Tim McMahan became interested in pest control after his 5-month-old daughter developed large welts from mosquito bites. “She would wake up at night, miserable because of the bites,” he recalls.
The St. Louis, Missouri, resident delved into prevention methods, and he became so fascinated that he started Pestegic, a pest control company.
“They can transmit very serious infections,” notes Dr. Maya Muñoz Mahmood, a pediatrician, mom, and blogger. The insects can spread viruses and diseases, including Zika, West Nile, dengue, and malaria.
Unfortunately, it’s impossible to eliminate mosquitoes from your property, McMahan notes. The winged insects can fly several miles to feed and reproduce. However, you can take proactive steps to avoid mosquito bites.
1. REMOVE STANDING WATER
Mosquitoes lay up to 100 eggs at a time in water, and they don’t need much—a quarter inch will do in some cases.
The sticky eggs, which look like black dirt, have staying power. According to the CDC (Centers for Disease Control & Prevention), if the eggs are left to dry out, they can survive up to eight months. However, the larvae only emerge when the eggs are submerged. So, clear any standing water from outdoor living areas. Don’t forget the gutters, McMahan adds.
2. TREAT STANDING WATER
Admittedly, many homeowners have standing water in their birdbaths, rain barrels, and ponds. Use larvicides in these locations, he says.
3. PUT A BARRIER BETWEEN YOU AND THE MOSQUITOES
Physical barriers keep all insects from being intrusive.
If you lack window screens because they obstruct the views, reconsider your decision. Screens allow you to enjoy the fresh air while keeping mosquitoes outside. If you already have screens, make sure they’re in good repair.
Outside, pop-up structures like the MonsterMeshPod keep you insect-free while enjoying the outdoors.
Your clothing also creates a barrier. Long-sleeved shirts and long pants minimize skin exposure, so mosquitoes can’t land for a quick bite.
4. USE CHEMICAL REPELLANTS
One of the best ways to repel mosquitoes is to apply products with DEET (N,N-diethyl-m-toluamide). Low doses are safe for children two months and older, Mahmood says. Choose a product with no more than 10% to 30% concentration of DEET, according to Nemours Children’s Health. Base the concentration on how long the child will be outside, and don’t use a formula with sunscreen, which requires frequent applications.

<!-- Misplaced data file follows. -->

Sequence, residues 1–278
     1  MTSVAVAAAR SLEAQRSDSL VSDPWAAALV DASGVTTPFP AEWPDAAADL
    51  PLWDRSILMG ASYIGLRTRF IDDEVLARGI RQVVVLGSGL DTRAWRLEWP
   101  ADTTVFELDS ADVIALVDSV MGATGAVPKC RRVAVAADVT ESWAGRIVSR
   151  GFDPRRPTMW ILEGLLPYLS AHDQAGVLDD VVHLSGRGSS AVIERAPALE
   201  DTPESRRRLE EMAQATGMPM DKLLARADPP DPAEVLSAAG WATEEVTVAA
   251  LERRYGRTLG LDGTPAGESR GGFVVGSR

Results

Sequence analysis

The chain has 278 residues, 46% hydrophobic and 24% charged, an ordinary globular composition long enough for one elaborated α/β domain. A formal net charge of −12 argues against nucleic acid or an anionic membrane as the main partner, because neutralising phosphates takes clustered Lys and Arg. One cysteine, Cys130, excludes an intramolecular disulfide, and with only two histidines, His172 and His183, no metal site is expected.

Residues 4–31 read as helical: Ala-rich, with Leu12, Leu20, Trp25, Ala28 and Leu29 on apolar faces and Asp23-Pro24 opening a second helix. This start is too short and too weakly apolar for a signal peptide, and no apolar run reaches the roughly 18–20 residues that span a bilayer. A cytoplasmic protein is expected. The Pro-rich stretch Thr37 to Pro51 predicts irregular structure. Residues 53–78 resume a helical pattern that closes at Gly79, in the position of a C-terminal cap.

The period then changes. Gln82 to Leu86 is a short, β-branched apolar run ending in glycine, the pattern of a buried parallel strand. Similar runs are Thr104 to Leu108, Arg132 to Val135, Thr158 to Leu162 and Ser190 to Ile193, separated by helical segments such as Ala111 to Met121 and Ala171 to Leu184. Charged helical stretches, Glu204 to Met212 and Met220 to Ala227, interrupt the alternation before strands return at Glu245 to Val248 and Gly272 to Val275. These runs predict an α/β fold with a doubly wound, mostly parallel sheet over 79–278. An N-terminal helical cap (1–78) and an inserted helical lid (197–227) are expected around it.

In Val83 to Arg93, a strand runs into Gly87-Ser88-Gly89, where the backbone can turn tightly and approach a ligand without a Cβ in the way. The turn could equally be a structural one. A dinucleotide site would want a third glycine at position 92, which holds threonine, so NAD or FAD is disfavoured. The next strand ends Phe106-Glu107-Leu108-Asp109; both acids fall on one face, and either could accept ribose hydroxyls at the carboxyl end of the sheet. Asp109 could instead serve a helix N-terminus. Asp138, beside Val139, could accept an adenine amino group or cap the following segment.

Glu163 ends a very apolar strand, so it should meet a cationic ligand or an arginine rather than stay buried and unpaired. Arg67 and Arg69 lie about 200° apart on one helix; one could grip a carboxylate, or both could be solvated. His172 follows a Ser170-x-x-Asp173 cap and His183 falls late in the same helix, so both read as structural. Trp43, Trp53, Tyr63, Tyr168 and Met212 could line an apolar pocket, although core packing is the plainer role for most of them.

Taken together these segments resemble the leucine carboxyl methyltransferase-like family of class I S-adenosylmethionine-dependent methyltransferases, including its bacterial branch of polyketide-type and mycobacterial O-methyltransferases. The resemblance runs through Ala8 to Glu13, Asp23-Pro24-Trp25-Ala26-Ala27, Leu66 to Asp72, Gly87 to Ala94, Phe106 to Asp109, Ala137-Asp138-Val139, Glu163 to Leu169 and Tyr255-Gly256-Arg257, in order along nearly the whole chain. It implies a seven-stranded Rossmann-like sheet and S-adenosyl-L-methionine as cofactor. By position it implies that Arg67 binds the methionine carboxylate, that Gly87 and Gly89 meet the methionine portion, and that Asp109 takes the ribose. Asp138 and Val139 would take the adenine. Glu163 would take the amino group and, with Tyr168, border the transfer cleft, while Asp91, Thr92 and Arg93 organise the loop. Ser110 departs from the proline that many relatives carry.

Alternatively, try Picardin, a synthetic replica of piperine, the natural compound found in plants that produce black pepper. The product has been available in Europe and Australia since the '80s, but it’s only been marketed in the United States since 2005.
5. TRY PLANT-BASED REPELLANTS
Mix a few drops of lavender and eucalyptus oils in a carrier oil, such as coconut oil, and spritz on your skin. You can also light candles with these oils in your seating areas, but the range of effectiveness is limited.
6. PLACE MOSQUITO-REPELLANT PLANTS AROUND THE HOME
Citronella, lemongrass, and lavender produce a citrusy aroma that appeals to humans but repels mosquitoes. Marigolds, mint, rosemary, basil, and lantana, are other options.
7. TURN TO TECHNOLOGY
There are several devices on the market that claim to reduce the insect population.
For instance, mosquito-repellent lamps emit ultraviolet light that attracts mosquitoes and captures them. There are also traps, which bait the female mosquitoes responsible for bites. Consider the size of the protected area when choosing a trap size. McMahon recommends Inzecto traps, developed by an entomologist.
“Just fill them up with water, put them in a shady place on your property, and they’ll attract and kill mosquitoes,” he says. It's recommended that you should replace these traps every three months.
You can also use an ultrasonic repellent, which emits a high-frequency noise that mosquitoes dislike.
8. TREAT YOUR YARD
Professional pest control companies can apply products that control mosquitoes, ticks, and chiggers. “These products generally need to be applied every month and work best when combined with eliminating breeding areas and traps,” McMahan says.
Indeed, fighting a powerful foe smaller than your toe requires an arsenal.